A Powerful Twist on Quantum Cryptography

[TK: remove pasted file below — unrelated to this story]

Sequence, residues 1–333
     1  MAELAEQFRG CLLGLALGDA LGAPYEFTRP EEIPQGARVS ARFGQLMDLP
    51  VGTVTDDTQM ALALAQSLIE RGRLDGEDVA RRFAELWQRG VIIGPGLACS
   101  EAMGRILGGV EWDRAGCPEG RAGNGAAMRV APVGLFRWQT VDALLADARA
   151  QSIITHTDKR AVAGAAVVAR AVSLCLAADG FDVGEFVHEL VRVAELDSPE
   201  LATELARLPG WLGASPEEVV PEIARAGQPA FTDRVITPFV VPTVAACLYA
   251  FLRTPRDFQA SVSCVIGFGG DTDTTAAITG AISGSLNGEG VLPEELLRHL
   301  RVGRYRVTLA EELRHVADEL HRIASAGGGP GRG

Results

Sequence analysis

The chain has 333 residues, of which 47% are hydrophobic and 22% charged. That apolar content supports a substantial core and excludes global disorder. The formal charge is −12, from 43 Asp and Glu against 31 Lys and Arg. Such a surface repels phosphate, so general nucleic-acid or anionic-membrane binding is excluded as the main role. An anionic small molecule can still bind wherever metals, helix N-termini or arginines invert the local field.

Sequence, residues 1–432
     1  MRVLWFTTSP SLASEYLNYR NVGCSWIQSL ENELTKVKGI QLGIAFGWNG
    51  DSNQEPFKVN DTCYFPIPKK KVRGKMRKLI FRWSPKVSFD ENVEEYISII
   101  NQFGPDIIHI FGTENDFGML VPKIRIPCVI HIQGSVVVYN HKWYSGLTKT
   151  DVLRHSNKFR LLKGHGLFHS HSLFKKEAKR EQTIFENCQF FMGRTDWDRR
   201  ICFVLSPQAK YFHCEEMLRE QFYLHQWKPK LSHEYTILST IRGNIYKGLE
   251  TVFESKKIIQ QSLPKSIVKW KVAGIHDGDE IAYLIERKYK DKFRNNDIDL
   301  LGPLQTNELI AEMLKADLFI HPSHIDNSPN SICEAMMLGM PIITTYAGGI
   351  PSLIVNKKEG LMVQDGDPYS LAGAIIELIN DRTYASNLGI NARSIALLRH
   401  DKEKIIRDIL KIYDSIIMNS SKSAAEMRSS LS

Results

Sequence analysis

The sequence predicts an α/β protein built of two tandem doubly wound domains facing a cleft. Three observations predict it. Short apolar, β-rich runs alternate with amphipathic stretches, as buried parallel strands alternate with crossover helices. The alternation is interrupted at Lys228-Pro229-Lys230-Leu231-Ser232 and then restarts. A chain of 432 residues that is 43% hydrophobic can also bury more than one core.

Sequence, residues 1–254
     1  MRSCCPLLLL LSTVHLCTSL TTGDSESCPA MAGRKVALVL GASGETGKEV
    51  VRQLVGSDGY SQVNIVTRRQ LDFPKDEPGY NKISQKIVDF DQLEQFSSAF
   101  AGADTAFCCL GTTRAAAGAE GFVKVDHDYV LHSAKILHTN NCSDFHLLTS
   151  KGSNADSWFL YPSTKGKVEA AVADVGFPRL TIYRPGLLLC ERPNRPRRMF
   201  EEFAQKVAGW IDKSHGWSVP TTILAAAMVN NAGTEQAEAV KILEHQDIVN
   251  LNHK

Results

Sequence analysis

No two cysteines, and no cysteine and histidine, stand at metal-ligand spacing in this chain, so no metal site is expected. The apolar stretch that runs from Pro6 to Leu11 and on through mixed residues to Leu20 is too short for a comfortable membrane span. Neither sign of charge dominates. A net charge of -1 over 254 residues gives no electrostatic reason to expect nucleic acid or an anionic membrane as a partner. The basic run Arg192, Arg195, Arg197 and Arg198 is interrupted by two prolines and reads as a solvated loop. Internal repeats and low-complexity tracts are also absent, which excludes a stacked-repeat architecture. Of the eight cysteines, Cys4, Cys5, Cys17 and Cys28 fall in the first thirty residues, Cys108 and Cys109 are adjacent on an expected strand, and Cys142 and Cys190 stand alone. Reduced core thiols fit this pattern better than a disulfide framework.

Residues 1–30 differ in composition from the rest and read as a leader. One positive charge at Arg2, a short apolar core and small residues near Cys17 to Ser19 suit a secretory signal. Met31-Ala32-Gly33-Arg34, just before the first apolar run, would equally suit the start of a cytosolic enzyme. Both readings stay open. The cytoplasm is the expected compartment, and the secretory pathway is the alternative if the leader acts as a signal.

Biography Artur Ekert studied physics at the Jagiellonian University in Kraków and at the University of Oxford. Between 1987 and 1991 he was a D.Phil. student at Wolfson College, University of Oxford. In his doctoral thesis (Oxford, 1991) he showed how quantum entanglement and nonlocality can be used to distribute cryptographic keys with perfect security. Abstract Human desire to communicate secretly is at least as old as writing itself and goes back to the beginnings of our civilisation. Over the centuries many ingenious methods of secret communication have been developed, only to be matched by the ingenuity of codebreakers. As a result, the quest for a perfect, unbreakable, cipher, had been declared a futile pursuit. That is, until recently! Recent research shows that the security of communication can be guaranteed using peculiar "non local correlations". Such correlations are typically found in the behaviour of quantum particles, and the work builds on schemes that I and others invented decades ago to do quantum cryptography  adding a powerful twist that we hadn't anticipated. By including a mathematical measure known as a 'Bell inequality' that detects nonlocal correlations, these newer cryptography schemes make a seemingly insane scenario possible  devices of unknown or dubious provenance, even those that are manufactured by our enemies, can be safely used for secure communication, including key distribution. This is a truly remarkable feat, also referred to as "device independent cryptography". All that is needed to implement this bizarre and powerful form of cryptography is a loopholefree test of a Bell's inequality. It is on the edge of being technologically feasible. I will provide a brief overview of the intriguing connections between Bell's inequality and cryptography and describe how studies of quantum entanglement and the foundations of quantum theory influence the way we may soon protect information.